Chess and Arts. Samuel Bak: Facing History and Ourselves
What is it that has, for centuries, been infecting people from all walks of life around the world: Wall street tycoons and paupers, slave and free, knights, gentlemen, laborers, seamen, soldiers, lawmakers and lawbreakers, with this fascinating game?
Samuel Bak is one of them. Born in 1933 in Vilna, Poland. Writer and painter.
He has created a visual language to explore some aspects of our shared human condition, forever mysterious and elusive, and to remind the world of its most desperate moments. Of the destruction and dehumanization.
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Landscapes… that look almost familiar. Objects that we recognize, yet something in them has different. Something has transformed them.
There are faces. Soldiers. Musicians. Angels. Perhaps fallen angels. Figures that we recognize as human. But in a different state of being.
Are they stones awakening to life?
Or are they beings that were alive, but have fallen apart and are now mere fragments of what they once were?
An artist’s imagination is trying to tell us something. What can we learn or understand from these images?
Something in the images is rooted in an undeniable reality. Is it the reality of the past? Or a future reality, yet to be seen? Or is it perhaps the reflection of our times represented by pictures that seem to come from a world that is parallel to ours? (from The art of speaking about the unspeakable)
To me the human condition is forever mysterious and elusive. The game of chess, on the other hand, is the very embodiment of clarity, logic and intelligence. So it is that images drawn from chess can map onto the realities of life in especially provocative ways. It makes me think of what jazz musicians do to the old standard songs, transforming their familiar rhythms and melodies so as to evoke quite other feelings and thoughts. Old and new are played off against one another.
Chess pieces are organized by standards of force. Some are unique, like the King (at once supreme and vulnerable) and the Queen (most mobile and dangerous). Some go in pairs: knights, bishops and rooks. The eight common pawns seem less powerful, yet a single pawn can determine the outcome of a game. It can also be promoted to the highest rank.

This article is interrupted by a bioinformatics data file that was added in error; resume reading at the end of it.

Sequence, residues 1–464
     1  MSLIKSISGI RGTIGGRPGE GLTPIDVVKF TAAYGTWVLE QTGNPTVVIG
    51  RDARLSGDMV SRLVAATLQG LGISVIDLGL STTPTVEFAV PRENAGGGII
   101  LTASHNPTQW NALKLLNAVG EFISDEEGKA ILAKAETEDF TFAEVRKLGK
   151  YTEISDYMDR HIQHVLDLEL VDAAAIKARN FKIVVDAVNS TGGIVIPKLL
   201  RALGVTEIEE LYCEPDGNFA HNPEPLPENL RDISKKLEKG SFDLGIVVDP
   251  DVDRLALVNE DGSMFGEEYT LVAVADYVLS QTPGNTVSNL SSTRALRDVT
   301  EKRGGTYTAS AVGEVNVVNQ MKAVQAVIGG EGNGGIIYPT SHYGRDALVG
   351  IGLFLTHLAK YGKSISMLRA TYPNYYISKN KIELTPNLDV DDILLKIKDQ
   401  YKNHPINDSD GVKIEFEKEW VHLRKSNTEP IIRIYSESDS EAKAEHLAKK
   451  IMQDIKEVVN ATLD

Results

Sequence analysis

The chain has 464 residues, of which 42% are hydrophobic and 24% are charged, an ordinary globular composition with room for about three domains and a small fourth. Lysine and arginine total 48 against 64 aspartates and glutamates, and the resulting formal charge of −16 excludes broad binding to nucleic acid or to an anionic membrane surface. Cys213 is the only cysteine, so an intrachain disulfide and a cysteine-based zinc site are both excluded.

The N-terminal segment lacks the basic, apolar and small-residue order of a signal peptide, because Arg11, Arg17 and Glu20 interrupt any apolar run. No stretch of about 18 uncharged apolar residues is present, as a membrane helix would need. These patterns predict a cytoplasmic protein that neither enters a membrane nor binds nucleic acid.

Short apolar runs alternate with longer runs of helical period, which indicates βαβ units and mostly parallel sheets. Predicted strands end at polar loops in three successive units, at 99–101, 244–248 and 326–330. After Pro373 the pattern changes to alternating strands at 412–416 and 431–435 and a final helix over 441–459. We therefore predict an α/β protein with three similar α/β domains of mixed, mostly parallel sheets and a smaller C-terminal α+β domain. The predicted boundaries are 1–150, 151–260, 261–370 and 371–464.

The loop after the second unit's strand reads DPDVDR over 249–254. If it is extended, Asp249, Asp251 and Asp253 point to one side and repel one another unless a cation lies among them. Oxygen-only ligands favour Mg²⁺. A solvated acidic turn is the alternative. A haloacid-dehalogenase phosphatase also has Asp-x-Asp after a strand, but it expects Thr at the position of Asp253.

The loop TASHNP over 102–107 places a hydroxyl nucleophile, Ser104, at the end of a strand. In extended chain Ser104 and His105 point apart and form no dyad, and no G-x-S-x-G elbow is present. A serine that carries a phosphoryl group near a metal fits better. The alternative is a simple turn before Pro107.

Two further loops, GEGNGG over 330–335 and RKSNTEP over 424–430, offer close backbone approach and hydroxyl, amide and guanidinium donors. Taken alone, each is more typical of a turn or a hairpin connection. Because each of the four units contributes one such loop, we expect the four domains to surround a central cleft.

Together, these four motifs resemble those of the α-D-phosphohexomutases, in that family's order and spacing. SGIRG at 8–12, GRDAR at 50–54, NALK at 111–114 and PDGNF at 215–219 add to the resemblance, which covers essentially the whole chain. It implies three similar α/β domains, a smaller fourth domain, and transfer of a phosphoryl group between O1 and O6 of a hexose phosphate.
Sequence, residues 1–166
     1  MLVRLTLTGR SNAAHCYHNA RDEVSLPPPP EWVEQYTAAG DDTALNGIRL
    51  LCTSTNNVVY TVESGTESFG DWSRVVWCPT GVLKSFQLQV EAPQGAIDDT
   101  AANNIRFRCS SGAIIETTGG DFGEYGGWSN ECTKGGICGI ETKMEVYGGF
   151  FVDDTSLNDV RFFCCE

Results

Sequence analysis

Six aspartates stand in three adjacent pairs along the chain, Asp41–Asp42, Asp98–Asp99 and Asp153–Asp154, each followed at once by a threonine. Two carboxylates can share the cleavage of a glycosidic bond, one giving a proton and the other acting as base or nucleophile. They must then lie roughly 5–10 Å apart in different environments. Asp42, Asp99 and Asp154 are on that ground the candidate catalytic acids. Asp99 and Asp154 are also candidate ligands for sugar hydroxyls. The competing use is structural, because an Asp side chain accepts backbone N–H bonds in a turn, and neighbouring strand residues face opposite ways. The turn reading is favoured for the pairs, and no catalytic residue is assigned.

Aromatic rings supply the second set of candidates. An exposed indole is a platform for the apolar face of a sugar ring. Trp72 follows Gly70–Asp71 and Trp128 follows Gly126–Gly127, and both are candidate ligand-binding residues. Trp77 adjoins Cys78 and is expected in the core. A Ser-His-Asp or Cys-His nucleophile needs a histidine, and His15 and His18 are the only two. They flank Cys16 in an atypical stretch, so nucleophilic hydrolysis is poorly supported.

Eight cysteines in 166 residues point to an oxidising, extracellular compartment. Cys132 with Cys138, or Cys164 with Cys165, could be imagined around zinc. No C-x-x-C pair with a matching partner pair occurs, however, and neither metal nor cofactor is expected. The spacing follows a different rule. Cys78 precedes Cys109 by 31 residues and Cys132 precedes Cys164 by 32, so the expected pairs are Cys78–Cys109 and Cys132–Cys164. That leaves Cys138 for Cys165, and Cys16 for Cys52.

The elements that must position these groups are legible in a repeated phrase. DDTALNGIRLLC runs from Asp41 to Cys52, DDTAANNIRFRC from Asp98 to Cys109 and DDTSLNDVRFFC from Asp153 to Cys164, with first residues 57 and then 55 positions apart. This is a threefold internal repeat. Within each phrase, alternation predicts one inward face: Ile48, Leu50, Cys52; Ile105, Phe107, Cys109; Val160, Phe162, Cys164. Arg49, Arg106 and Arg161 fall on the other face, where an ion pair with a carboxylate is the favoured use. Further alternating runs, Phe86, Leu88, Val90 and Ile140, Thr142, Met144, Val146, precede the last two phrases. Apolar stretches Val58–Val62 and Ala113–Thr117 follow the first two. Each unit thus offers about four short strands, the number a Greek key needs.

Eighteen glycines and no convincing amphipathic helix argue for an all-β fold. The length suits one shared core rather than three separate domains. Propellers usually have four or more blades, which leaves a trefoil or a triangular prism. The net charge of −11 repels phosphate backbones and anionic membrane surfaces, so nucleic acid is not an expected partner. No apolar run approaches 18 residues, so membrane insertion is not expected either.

Anyone who plays Chess knows how important the “unimportant” can become. But if one employs logic, if one has a plan, if from the alignment of the opponent’s moves one can guess his projects and counterattack them in time – there is a chance! In the game of chess everything is rational, each error has its effects, consequences must be accepted.
How very different from ordinary life!
Such meditations came to me in response to the death of my stepfather Markusha in the early 1970’s. He was a Dachau survivor whom Mother met and married in Landsberg’s DP camp. This soft spoken and intelligent man, once a brilliant chess player, spent the last years of his life in an ever-thickening fog of Alzheimer’s disease. I used to observe his clear, spent eyes, and try to imagine what was going on in his mind. I knew that the loss of his pre-war world, his first wife and his daughters, had left him irreparably wounded. Now his beloved game of Chess, his one remaining realm of calm and certitude, was also falling apart.
In using images drawn from chess in my paintings, I was entering troubling terrain. Thinking of the emblematic implications in the myth of chess, I found myself touching on the dark side of the mind. I found myself rendering those primordial fears and struggles from which the game itself perhaps arose, or the landscapes of cataclysm that such fears have always projected. In my chess-world there are many more questions than answers. The surfaces undergo constant change. Values have shifted. Borders are redefined. Things are broken, the powerful have fallen apart and the weak have become strong and dangerous.
Ever present in these disrupted vistas is the hope of a Tikkun Haolam — recovery, repair, restoration.
Text by Samuel Bak, from Between Worlds
More artwork by Bak
The art of speaking about the unspeakable video